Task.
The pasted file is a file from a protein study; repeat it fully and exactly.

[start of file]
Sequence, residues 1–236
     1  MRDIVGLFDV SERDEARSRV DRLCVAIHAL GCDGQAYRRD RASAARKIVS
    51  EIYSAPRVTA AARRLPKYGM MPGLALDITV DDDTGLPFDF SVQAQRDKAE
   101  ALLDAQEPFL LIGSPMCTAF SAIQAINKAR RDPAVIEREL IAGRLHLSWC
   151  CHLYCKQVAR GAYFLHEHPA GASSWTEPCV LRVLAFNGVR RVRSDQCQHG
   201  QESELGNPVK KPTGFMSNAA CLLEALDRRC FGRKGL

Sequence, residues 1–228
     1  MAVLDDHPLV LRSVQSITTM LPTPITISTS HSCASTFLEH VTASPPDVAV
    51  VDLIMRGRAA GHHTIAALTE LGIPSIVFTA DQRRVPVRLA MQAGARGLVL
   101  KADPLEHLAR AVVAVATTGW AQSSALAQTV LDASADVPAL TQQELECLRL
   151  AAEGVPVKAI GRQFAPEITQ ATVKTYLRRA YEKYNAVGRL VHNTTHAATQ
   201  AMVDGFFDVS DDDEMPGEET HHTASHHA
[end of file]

Sequence, residues 1–236
     1  MRDIVGLFDV SERDEARSRV DRLCVAIHAL GCDGQAYRRD RASAARKIVS
    51  EIYSAPRVTA AARRLPKYGM MPGLALDITV DDDTGLPFDF SVQAQRDKAE
   101  ALLDAQEPFL LIGSPMCTAF SAIQAINKAR RDPAVIEREL IAGRLHLSWC
   151  CHLYCKQVAR GAYFLHEHPA GASSWTEPCV LRVLAFNGVR RVRSDQCQHG
   201  QESELGNPVK KPTGFMSNAA CLLEALDRRC FGRKGL

Sequence, residues 1–228
     1  MAVLDDHPLV LRSVQSITTM LPTPITISTS HSCASTFLEH VTASPPDVAV
    51  VDLIMRGRAA GHHTIAALTE LGIPSIVFTA DQRRVPVRLA MQAGARGLVL
   101  KADPLEHLAR AVVAVATTGW AQSSALAQTV LDASADVPAL TQQELECLRL
   151  AAEGVPVKAI GRQFAPEITQ ATVKTYLRRA YEKYNAVGRL VHNTTHAATQ
   201  AMVDGFFDVS DDDEMPGEET HHTASHHA